I was lucky enough to have parents who thrived on English, Mandarin, Indonesian, Dutch pop songs and folk music. As a teen I enjoyed the songs they played on the radio and gramophone records. Some of them are still popular today and it's going back to the 50s with a You Tube video above that features Gus Steyn and his RTM Orchestra.
One of the finest band leaders Steyn was well-known in this part of the world. The melody is an up-tempo piece and interpreted vividly with strings, brass and all. Personally it's the best version I've heard for a long time. Delightful indeed to have rynamyra loading it. Thank you. (Videos will be deleted when the next posting appears).
There's another version below by Sandra Reemer, recorded probably in the 60's when folk songs had revivals and became popular again with new rendition of Kopi Susu, Nina Bobo and Bengawan Solo by pretty singers like Anneke Gronloh and Reemer.
These hits topped the music charts in our region and possibly in Europe too as many people of Dutch origin in RRI (Republic Ra'ayat Indonesia) migrated to Holland and the West during the Soekarno regime in the 60s.
But this song is different. Nona Zaman Sekarang or Modern Day Women was composed by our own Singaporean Yusoff B. in the late 1940s. Some of his other songs include: Semarak Hati, Suka Sama Suka and Wanita dan Teruna.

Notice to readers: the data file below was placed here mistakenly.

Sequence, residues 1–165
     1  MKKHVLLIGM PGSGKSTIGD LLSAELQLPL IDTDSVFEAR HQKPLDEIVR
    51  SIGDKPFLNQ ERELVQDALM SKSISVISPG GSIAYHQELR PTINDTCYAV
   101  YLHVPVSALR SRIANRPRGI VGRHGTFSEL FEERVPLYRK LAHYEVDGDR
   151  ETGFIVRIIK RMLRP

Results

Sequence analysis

He was one of superstar P. Ramlee's music mentor when he first joined Malay Film Productions. Ramlee's early songwriting was influenced by Yusuf B's music arrangement and style. Ironically, Yusuff B would borrow ideas from the late Ramlee when composing his own songs.
Singers who performed it initially was A. Rahman, R. Azmi, Julia and a host of Indonesian and Malay singers. Sandra, a Dutch singer of Indonesian origin, took the opportunity and made it a big hit. Apparently her version is still the most popular.
The word Nona means a young lady, like Miss in English. The song is about how bold young ladies are compared to those who lived in earlier times - no one can interfere nor prohibit their dress code. These ladies with their short, transparent clothes and painted red cheeks have triggered much controversy and have either confused the male species with their attitude or aroused their sensuality, possibly the latter.
Nona-nona jaman sekarang
tak boleh ditegur,
tak boleh dilarang
itu menjadi hati gembira
nona jangan bikin keliru
tidakla kenal cina melayu
pipinya merah pula disapu
sekarang sudah jadi tak tentu .
dalam dunia banyak musuhan
yang non dibuat perkara yang sopan
dalam dunia banyak penggoda
banyak yang jadi rusak binasa
By: Andy Lim L.A.
About the ladies of today's generation:
Nor forbid them.
Their blouses are short
And more transparent
That make hearts flutter
(Make hearts happy).
Ladies don't confuse us
Unrecognizable if Chinese or Malay
Cheeks are red and painted too
Causing much bewilderment.
In this world of aggression
Ladies, be more careful
Or be teased, bothered
And fall into disrepute.
|The mysterious East?|
Written more than half a century ago, the lyrics painted an Asian society so different from today with strict moral values that many listeners, especially women, would question now.
A kebaya is a traditional blouse-dress combination worn by women in Indonesia, Malaysia, Brunei, Burma, Singapore, southern Thailand and some parts of Cambodia. It is sometimes made from sheer material and usually worn with a sarong or batik kain panjang, or other traditional woven garment such as ikat, songket with a colorful motif.
Images from flickr.com
Videos from You Tube.